03 Jul Startup Roundup: A Look At Local, National And Global Expansions
There are plenty of mobile deposit apps for consumers, but there are far fewer focused on commercial mobile deposits. Employees in the field are often stuck accepting only cash or checks, which they collect throughout the week and deposit as a batch.
Tom Berdan, CMO of DadeSystems, said enabling commercial mobile deposits saves time by letting workers close transactions as soon as jobs are completed. It also saves the company from allocating resources to batch data entry at the end of the day or consolidating deposits from remote accounts.
In the realm of chargebacks, automation is valuable, but simply doing chargebacks for a merchant isn’t enough. Merchants need transparency in their metrics so they can take action based on real-world numbers — and recent numbers, not metrics from transactions that happened half a year ago.
“Everyone thinks of win rates differently, and people use their metrics differently,” said Pallavi Kuppa-Apte, Head of Business Operations, Chargehound. “It’s your data, and it’s a tool you can use to be more successful if you get it in the right form at the right time.”
What holds companies back from going global? Ahead of its global expansion, Tipalti conducted a study to find out. Obstacles such as regulatory challenges, compliance with standards like GDPR and trade concerns were among the top reasons that companies were unable — or chose not — to go global.
Those that felt ready had invested in knowledge of local markets and tax codes, new tech and/or new vendors. Tipalti CMO Rob Israch encouraged growing companies to consider automation to support growth, as the strategy of hiring more accounting members is not scalable or sustainable.
It’s time to stop thinking about new payment methods in terms of integrations, and to start marking them interoperable instead. Most companies realize they should be offering as many payment options as possible. Companies that don’t may be balking at the cost and complexity of integration.
Modo CEO Bruce Parker said merchants want to add new functionality without creating integration challenges or consumer friction. Interoperability can enable them to start accepting new payment methods without the massive, total-system overhaul — and it’s effective both on and offline.
Supply and demand are both on the rise for wearable tech with payment features. FitPay President Michael Orlando said the startup’s Garmin Pay platform is now live on seven devices and in more than 20 countries, with support from 140 banks. Meanwhile, he said, consumers are getting over their initial fears around contactless payments usage and security.
These factors have led to a spike in device activations, Orlando said. However, more importantly, with consumers and banks approaching this inflection point, he expects there are exciting times ahead for wearables and contactless payment FinTech firms.
Activity in the online gambling space has been heating up, especially since the World Cup began. Jewel PaymentechCEO Sean Lam said the startup’s tech produces alerts when anomalous transactions point to potential transaction laundering.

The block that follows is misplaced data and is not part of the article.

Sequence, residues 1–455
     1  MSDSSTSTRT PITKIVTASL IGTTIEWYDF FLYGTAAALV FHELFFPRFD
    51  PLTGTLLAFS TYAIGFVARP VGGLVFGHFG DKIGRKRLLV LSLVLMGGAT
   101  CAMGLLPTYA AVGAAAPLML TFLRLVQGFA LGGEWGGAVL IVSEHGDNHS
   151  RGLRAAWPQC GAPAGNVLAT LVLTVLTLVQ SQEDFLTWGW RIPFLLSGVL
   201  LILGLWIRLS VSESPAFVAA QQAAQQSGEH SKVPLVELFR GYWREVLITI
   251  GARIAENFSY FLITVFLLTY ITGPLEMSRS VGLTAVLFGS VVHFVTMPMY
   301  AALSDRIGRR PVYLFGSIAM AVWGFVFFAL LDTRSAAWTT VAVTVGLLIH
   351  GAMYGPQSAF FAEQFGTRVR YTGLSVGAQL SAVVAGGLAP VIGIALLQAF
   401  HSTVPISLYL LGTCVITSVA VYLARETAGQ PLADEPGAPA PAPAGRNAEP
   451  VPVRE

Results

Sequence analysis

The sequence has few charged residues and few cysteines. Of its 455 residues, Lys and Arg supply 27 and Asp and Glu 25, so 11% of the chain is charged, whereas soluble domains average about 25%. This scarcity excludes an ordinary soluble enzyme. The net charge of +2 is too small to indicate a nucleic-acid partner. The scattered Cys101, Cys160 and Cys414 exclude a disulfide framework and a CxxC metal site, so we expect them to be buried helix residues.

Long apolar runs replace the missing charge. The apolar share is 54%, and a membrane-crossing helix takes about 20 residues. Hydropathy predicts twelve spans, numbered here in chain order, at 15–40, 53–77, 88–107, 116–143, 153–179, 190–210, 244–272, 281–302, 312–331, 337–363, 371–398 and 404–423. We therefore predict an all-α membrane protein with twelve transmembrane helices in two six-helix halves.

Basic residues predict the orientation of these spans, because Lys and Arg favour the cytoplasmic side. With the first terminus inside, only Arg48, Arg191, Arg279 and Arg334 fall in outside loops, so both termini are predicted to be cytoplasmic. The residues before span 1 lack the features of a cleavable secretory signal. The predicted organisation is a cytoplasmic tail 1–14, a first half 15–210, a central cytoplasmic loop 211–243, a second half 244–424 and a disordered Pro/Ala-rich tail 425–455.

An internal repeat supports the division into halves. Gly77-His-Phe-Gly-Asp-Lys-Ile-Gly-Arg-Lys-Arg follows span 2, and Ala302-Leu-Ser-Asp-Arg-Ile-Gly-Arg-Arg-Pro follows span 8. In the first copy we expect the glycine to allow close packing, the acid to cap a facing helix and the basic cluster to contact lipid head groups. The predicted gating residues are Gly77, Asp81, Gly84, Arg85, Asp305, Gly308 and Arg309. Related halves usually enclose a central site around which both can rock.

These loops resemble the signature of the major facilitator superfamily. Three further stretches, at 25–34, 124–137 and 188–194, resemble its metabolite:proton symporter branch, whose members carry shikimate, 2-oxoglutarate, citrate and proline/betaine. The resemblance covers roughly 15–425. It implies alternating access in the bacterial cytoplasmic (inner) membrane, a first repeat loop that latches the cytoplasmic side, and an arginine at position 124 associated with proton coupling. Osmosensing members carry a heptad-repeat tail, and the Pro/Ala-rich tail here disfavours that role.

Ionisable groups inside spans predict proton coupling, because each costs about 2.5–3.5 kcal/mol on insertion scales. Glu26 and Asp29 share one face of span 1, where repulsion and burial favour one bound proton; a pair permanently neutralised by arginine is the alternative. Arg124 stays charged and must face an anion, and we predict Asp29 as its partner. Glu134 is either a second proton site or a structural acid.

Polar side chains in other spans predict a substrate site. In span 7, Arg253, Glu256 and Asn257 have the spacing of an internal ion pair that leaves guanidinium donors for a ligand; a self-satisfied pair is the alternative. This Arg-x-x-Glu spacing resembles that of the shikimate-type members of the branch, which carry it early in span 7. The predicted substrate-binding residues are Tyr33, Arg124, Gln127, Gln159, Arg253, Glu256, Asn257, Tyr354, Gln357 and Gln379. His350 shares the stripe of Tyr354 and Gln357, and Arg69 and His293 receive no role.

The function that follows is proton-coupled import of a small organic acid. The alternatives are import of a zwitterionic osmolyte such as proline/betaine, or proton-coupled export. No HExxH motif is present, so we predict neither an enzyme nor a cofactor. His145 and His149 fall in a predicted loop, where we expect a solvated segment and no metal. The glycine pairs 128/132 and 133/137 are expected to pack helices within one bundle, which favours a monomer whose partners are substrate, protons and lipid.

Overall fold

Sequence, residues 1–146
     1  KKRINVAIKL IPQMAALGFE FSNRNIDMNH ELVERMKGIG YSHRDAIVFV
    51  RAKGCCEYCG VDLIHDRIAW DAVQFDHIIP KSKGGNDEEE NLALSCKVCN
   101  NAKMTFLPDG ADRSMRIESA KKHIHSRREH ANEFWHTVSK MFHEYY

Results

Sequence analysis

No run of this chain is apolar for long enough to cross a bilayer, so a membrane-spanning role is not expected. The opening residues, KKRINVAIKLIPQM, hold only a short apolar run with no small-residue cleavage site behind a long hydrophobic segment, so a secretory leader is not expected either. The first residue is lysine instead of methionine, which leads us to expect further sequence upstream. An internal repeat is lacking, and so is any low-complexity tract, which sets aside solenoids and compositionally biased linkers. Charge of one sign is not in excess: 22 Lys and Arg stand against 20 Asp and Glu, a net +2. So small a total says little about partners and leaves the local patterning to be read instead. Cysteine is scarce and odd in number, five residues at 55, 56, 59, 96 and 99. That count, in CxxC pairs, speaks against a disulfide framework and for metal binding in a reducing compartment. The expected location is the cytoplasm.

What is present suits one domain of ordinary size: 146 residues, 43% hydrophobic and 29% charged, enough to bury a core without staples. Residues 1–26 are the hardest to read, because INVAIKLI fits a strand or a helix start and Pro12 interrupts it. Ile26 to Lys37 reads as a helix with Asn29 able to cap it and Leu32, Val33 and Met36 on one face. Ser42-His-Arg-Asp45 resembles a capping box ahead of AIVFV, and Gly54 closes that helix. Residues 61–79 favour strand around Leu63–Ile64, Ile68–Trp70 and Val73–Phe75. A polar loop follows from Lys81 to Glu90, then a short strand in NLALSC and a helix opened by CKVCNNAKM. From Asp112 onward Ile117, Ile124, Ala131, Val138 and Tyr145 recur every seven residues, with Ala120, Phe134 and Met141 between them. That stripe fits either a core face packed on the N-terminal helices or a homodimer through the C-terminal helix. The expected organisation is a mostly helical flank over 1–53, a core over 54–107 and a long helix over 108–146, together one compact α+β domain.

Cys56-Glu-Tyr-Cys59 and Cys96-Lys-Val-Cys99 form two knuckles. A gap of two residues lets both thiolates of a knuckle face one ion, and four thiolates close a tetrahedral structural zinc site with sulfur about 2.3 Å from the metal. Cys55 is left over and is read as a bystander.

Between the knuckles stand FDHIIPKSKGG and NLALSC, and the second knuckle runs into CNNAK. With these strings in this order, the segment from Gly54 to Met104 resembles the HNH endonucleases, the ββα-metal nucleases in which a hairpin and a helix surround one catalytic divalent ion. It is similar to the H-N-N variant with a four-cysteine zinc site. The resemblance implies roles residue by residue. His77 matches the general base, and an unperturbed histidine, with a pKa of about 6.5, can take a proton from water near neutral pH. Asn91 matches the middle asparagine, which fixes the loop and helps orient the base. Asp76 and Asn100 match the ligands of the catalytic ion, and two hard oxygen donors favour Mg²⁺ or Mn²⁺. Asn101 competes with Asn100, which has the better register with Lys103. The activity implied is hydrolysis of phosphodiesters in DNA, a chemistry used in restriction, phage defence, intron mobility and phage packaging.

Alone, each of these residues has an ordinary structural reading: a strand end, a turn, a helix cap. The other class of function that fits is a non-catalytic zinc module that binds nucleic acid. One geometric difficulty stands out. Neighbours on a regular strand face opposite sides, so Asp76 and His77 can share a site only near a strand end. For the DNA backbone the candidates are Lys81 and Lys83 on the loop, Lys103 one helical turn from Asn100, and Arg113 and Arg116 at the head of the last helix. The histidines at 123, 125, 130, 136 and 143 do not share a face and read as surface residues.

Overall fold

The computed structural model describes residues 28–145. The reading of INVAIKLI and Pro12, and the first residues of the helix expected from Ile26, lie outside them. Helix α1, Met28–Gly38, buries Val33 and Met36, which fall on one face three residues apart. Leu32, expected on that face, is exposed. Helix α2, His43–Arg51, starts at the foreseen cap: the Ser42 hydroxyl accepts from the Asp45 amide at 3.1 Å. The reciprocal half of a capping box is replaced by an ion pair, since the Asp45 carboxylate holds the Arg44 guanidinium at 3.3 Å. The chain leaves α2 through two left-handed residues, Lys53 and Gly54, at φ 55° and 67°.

Some telltale signs of money laundering are widespread transaction points of origin (as opposed to localized ones) and large ticket sizes that don’t match up to what normal prices on the site appear to be. Some criminals also leverage illegitimate Android apps that serve as a mule for players to update their online gambling eWallets or place bets.
After four years of growing its presence in the Salt Lake region, AvidXchange has moved into a new facility — part of a $35 million investment it’s making in its West Coast base of operations. CEO Michael Praeger said Salt Lake City shares a similar startup culture with its East Coast office in Charlotte, NC.
Established in 2014, after AvidXchange acquired Piracle, the West Coast office creates redundancy of sales, customer support and core operations, Praeger said, and enables the startup to beef up its development team by funneling in talent from nearby Silicon Valley.
Nanopay CEO Laurence Cooke was heartened after attending the IT conference CIAB FEBRABAN in Brazil, where digital fiat currencies were a hot topic of conversation. Contrary to the narrative in more developed economies, where banks and FinTech companies are often at odds, there was a spirit of collaboration.
Cooke believes that could lead to developing economies leapfrogging their “first world” counterparts in the payments tech space. He said these countries are leading the conversation because they have less to lose than stable economies, where it can be a bigger risk to try something new.
Although Emailage has had customers in Asia-Pacific (APAC), Europe, the Middle East and Asia (EMEA), it has not always had a formal presence there. The Sydney office currently serves as the base of operations for the APAC region. The startup is now establishing an office in Singapore to fill that role.
The need for fraud prevention services has grown in APAC in recent years, and it’s time for fraud prevention organizations to step up their game there, said CPO Amador Testa. He added that bringing more markets into the system will strengthen the product for everyone in the network.
Article source: pymnts.com